WELLINGTON, NEW ZEALAND — New Zealand’s spending on defense is little changed from the NZ $2.9 billion (then US $2.2 billion) for 2012-2013 to NZ $2.87 billion for 2013-2014.
The details, announced in the May 16 budget, include a marked reduction in spending on the Royal New Zealand Navy, a decrease in the Army’s budget and a modest increase for the Royal New Zealand Air Force.
Funding for the Navy drops from NZ $662 million to just under NZ $600 million.
Spending on the Army falls from NZ $845 million to NZ $810 million while the Air Force enjoys a surge from NZ $790 million to just over NZ $803 million.
However, there are rises and falls within all three services. For example, the Navy’s budget for the patrol force (including two offshore and four inshore patrol vessels) rises from NZ$126 million to NZ $131 million. The joint funding for the fleet tanker and the amphibious support ship Canterbury is raised from NZ $100 million to NZ $110 million.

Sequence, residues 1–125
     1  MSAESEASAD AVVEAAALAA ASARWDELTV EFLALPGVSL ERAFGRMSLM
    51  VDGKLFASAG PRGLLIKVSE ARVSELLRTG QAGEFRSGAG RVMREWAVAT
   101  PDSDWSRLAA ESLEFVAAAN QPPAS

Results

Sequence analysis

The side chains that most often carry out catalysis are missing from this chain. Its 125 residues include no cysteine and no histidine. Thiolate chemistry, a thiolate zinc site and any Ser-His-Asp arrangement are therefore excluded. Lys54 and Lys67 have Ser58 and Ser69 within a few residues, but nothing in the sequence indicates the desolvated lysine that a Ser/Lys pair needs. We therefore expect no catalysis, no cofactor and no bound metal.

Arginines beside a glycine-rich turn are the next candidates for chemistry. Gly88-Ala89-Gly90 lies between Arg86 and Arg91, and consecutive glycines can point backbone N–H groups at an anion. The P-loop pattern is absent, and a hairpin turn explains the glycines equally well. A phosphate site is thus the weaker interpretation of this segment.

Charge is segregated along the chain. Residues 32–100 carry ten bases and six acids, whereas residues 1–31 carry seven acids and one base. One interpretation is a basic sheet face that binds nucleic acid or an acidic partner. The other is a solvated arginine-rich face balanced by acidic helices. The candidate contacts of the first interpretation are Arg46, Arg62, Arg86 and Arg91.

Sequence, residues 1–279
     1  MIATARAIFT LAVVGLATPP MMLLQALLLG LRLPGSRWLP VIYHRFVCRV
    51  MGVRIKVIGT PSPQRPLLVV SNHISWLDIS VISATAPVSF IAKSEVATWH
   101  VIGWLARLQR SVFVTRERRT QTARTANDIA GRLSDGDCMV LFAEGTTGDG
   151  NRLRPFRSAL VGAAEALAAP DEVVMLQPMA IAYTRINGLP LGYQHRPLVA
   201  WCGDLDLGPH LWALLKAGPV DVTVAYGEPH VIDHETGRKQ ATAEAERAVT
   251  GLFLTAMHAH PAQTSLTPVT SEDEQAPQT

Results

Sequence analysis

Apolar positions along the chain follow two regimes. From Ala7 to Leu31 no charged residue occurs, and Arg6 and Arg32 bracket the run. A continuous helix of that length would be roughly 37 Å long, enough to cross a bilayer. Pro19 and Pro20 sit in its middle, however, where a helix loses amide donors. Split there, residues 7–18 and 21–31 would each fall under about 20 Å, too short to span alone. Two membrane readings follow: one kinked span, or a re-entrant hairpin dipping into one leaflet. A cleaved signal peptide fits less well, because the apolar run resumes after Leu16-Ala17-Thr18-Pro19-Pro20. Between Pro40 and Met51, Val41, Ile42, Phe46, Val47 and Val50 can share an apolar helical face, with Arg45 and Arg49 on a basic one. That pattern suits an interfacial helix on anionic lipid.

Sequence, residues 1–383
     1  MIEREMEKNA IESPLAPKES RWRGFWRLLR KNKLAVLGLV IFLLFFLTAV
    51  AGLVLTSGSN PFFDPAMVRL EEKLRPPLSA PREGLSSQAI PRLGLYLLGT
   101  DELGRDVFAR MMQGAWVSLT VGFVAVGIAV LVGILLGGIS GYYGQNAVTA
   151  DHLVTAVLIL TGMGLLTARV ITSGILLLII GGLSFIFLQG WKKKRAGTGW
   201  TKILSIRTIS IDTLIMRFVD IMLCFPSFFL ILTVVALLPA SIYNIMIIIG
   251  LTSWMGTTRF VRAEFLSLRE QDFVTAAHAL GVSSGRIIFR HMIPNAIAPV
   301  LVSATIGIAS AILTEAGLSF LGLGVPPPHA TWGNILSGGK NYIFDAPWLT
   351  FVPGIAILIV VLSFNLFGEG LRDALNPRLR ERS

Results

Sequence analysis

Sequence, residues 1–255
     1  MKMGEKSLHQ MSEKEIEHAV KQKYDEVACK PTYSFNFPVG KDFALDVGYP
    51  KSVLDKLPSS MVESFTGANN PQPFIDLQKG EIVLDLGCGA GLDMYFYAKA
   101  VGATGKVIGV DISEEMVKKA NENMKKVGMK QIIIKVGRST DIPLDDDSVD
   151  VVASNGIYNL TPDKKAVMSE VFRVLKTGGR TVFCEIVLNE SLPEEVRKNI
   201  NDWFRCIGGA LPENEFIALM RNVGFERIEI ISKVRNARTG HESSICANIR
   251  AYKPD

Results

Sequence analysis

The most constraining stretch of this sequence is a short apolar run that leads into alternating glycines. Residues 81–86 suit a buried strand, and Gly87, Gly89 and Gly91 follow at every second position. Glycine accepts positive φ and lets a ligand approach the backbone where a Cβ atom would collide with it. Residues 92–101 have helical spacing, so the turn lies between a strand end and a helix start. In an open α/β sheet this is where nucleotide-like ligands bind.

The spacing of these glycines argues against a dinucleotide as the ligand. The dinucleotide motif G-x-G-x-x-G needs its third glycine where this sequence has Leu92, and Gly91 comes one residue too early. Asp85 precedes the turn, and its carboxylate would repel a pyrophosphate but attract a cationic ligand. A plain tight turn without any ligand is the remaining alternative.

At the same time, the littoral warfare support budget, which includes mine countermeasures, is reduced and the fiscal support for the Navy’s two Anzac-class frigates drops from NZ $338 million to NZ $325 million.
Reflecting New Zealand’s withdrawal of forces from Afghanistan, the allocation for operationally deployed forces tumbles from NZ $65 million to just NZ $27.6 million.
The allowance for land combat support forces (which includes artillery, engineers and communications) is slightly reduced, whereas funding for Special Operations Forces is boosted from NZ $80 million to NZ $87 million.
The Air Force’s helicopters, the NH90s and A109s of 3 Squadron, enjoy an increase from NZ $221 million to NZ $246 million, while the naval helicopter force of Kaman Seasprites also shows a slight increase, from NZ $86 million to NZ $91 million.
The Air Force’s RNZAF’s fleet of six P-3K2 Orions, officially titled the Airborne Surveillance and Response Force, enjoys a marked increase in funds from NZ $182 million to almost NZ $203 million.
The Ministry of Defence is allocated more funds, too, rising from NZ $164 million to NZ $241 million.